17 unique and abandoned places around the world

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All around the world, there are abandoned locations, ranging from mining towns to serene islands, holy geological wonders to vast megacities. When nature gradually reclaims ruins, they frequently have an eerie beauty. We believe that telling their tales is worthwhile. Some had eerie folklore attached to them, while others were just abandoned as time went on.

Recall that although exploring deserted locations might be thrilling, it can also be risky. To avoid getting in trouble for trespassing, stay away from any dangerous structures, always ask for permission before entering, or sign up for an official guided tour.

The most interesting and abandoned places on Earth

Dilapidated house falling in on itself.

1. Kennecot, Alaska

Kennecot mining camp, one of the abandoned places in Alaska. The image shows old buildings build from wood on a steep slope.

Kennecot, which was constructed in 1911, was originally the hub of a massive copper mining enterprise. The settlement was abandoned overnight in 1938 when the ore ran out and the labor stopped. Currently, the enormous structures stand in the middle of Wrangell St. Elias National Park, serving as a reminder of the prospectors’ tenacity and inventiveness. Tours with guides are offered from May through September. You may explore the enormous 14-story concentrate mill and learn fascinating anecdotes from the town’s heyday.

2. Eastern State Penitentiary, Philadelphia

The crumbling interior of the Eastern State Penitentiary in Philadelphia, showing some metal steps going up and a row of doors lining a long and creepy corridor.

Famous criminals like Al Capone and “Slick Willie” Sutton were housed at the Eastern State Penitentiary, which used to be the most well-known and costly jail in the world. Relatively recently, in 1971, it shuttered, making it one of Philadelphia’s most eerie locations. The dilapidated cell blocks can be visited without executing a reverse prison break; day and night excursions are offered. Come taste a craft beer in the former jail yard, visit restored 19th-century cells, and hear tales of heroic escapes.

3. Canfranc Train Station, Spain

The elegant Canfranc train station, with mountains in the background as empty train tracks roll in front.

As a hub for trade and espionage during World War II, this luxurious station on the French and Spanish borders was dubbed the Casablanca of the Pyrenees. Even so, in the years following the war, the line itself was hardly ever utilized. It was shut down in 1970 due to safety concerns following a freight train derailing. Plans are in process to bring the station back to its former splendor, and some of its components are still in operation.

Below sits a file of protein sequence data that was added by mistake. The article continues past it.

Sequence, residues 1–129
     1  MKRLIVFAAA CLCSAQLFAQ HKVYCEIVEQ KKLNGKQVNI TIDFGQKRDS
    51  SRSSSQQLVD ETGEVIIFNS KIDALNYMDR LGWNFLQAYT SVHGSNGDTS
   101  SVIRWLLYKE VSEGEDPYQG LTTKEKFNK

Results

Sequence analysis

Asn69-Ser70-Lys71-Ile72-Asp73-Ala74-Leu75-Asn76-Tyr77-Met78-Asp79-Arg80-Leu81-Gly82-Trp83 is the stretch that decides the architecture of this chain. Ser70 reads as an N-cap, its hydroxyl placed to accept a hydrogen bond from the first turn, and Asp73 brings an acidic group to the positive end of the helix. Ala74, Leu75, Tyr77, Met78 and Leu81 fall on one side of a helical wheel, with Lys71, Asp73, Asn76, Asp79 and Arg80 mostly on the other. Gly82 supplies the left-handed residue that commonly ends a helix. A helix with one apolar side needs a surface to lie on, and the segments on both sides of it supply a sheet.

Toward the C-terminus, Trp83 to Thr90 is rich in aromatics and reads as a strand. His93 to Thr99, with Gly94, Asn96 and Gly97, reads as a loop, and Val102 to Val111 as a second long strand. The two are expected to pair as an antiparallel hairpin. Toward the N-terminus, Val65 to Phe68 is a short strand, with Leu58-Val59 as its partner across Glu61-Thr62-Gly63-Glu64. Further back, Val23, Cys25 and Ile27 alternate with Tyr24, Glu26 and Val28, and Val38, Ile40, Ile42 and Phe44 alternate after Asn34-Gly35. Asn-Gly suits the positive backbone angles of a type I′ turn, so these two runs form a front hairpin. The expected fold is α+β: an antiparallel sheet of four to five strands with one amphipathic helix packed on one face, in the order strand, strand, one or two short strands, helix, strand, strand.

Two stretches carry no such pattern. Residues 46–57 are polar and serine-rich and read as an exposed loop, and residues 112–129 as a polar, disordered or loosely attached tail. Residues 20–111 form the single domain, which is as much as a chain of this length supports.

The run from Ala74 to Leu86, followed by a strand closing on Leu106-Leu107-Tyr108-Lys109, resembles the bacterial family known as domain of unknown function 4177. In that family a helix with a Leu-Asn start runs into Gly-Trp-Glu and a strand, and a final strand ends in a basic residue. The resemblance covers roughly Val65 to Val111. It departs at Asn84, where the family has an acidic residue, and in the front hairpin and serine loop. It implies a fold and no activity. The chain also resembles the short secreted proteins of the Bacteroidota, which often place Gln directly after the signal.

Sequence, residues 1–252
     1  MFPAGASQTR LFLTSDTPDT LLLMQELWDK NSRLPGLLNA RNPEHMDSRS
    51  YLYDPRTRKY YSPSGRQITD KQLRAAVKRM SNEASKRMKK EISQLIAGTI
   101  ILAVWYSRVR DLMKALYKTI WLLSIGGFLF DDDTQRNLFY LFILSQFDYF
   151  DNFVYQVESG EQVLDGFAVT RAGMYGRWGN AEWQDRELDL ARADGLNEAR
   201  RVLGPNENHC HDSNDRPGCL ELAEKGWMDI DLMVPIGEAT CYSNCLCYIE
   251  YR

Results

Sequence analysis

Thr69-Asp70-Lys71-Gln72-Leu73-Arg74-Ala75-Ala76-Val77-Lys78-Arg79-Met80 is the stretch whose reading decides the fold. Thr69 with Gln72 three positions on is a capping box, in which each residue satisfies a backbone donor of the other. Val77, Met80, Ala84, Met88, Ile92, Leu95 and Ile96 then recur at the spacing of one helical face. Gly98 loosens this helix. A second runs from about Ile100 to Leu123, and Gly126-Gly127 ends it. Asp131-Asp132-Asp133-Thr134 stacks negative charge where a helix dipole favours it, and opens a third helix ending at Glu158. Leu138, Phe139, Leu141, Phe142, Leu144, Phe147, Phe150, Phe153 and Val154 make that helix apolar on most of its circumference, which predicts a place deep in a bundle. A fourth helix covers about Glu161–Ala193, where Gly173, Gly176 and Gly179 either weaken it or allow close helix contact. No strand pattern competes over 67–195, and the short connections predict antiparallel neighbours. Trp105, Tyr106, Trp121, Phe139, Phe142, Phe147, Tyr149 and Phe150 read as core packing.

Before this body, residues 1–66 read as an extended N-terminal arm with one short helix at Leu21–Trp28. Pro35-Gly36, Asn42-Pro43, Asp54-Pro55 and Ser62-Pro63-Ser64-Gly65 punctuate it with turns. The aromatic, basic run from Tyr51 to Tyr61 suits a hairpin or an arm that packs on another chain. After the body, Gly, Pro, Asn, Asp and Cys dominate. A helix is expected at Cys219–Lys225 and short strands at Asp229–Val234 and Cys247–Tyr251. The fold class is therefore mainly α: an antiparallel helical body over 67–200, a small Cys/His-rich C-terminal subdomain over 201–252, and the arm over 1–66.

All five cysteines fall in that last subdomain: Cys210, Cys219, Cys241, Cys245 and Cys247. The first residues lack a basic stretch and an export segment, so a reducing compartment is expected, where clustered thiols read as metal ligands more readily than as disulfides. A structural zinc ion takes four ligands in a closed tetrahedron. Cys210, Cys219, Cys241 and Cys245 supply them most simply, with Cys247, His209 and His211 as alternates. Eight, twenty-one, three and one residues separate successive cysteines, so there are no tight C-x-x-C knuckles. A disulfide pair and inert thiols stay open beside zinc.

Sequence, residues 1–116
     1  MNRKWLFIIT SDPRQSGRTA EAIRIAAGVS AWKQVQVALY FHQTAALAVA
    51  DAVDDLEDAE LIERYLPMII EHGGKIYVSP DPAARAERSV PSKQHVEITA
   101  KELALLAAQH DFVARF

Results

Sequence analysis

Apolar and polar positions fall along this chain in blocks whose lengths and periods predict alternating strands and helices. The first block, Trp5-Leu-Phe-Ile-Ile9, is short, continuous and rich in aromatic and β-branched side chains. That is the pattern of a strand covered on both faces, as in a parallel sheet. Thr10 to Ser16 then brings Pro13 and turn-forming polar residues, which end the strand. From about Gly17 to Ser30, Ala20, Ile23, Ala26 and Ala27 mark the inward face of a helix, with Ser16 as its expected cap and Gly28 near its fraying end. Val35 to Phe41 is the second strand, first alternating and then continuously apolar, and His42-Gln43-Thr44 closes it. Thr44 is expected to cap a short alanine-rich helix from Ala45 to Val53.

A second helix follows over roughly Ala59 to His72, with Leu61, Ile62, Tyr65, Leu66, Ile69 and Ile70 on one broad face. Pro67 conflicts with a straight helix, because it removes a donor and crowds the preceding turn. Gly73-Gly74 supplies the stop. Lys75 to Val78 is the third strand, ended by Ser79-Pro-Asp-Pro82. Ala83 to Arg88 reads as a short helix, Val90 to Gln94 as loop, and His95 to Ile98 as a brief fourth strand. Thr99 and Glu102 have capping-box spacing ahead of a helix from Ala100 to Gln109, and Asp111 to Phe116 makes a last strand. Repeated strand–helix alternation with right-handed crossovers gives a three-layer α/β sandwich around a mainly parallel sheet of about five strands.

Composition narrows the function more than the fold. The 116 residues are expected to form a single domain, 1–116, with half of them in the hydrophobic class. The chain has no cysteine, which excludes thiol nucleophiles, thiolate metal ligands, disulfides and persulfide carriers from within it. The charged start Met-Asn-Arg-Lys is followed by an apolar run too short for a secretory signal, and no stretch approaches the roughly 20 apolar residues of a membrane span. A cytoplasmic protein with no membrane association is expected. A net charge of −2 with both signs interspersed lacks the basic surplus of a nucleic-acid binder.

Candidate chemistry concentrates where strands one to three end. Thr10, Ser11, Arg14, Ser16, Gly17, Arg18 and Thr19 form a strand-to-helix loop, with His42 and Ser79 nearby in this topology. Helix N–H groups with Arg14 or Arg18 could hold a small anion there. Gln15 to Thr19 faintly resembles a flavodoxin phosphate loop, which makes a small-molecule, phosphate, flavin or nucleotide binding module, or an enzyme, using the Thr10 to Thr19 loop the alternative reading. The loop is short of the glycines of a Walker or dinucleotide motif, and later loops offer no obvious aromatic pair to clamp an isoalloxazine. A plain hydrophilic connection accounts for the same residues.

4. Varosha, Cyprus

View of Varosha, an abandoned beach resort in Cyprus. Image shows hotel tower blocks, many with smashed windows, and a span of ocean in the foreground.

Varosha was the bustling tourist area of Famagusta until the middle of the 1970s. In its prime, it was able to compete with the French Riviera in drawing movie stars like Brigitte Bardot, Elizabeth Taylor, and Richard Burton. After the Turkish government annexed northern Cyprus in 1974, the resort was abandoned. Sadly, access is not feasible because the military patrols it and has it cordoned off. But you can see the crumbling luxury buildings and lengthy stretch of golden beach through the gate.

5. Tequendama Falls Museum, Colombia

The eerie windows of the Salta hotel overlooking the Tequendama falls.

Built in 1923, this opulent estate was transformed into a five-star hotel in 1928. It closed in the early 1990s and sat abandoned for years amid ghost stories. According to local tradition, aboriginal people used to jump from the falls to elude capture by Spanish conquistadors, then they would change into eagles and take off. The building had a happy ending when it reopened as a museum dedicated to environmental conservation and cultural preservation in 2013.

6. Craco, Italy

Crumbling buildings set against a blue sky in Craco, Italy.

This eighth-century ghost town is located in Southern Italy. It withstood invasions, famine, and war for 1,400 years before malfunctioning plumbing forced its occupants to evacuate in 1991. The deserted medieval streets are now a famous spot for filmmaking, having been used in films such as Quantum of Solace (2010) and The Passion of the Christ (2004). For a nominal charge, guided excursions throughout the town are offered; alternatively, you can come during one of the six summertime holy festivals.

7. Kalyazin bell tower, Russia

The bell tower of a flooded town, Kalyazin, pokes out of a lake as two row boats it by a pier.

In Russia’s Uglish Reservoir, the bell tower of a centuries-old monastery gives a glimpse of the abandoned village below. Stalin’s attempts to modernize the USSR resulted in flooding of the valley. The St. Nicholas Cathedral bell tower is proudly visible above the water, even though the majority of the structures are completely buried in water that is up to 23 meters deep in some spots. You could go on a boat excursion and look inside. It is occasionally utilized to hold Orthodox Christian rites and is reinforced for safety.

8. Spotted Lake (Klikuk), Canada

View of spotted lake, a sacred abandoned place in Canada, on a bright but cloudy day.

Known as “the most magical place in Canada,” Spotted Lake appears normal for the majority of the year. Summertime sees it start to dry out, leaving behind colorful, circular puddles of water that resemble polka dots. It is sacred to the Okanagan First Nations people, who refer to it as Klikuk. Every pool is said to have special healing properties based on legend. Since 2001, it has been a protected area, so getting up close is not possible, but you may still get a decent view from the adjacent roadway.

9. Rainbow Mountains (Zhangye Danxia), China

Compelling image of the rainbow mountains in China, striped red, yellow and white.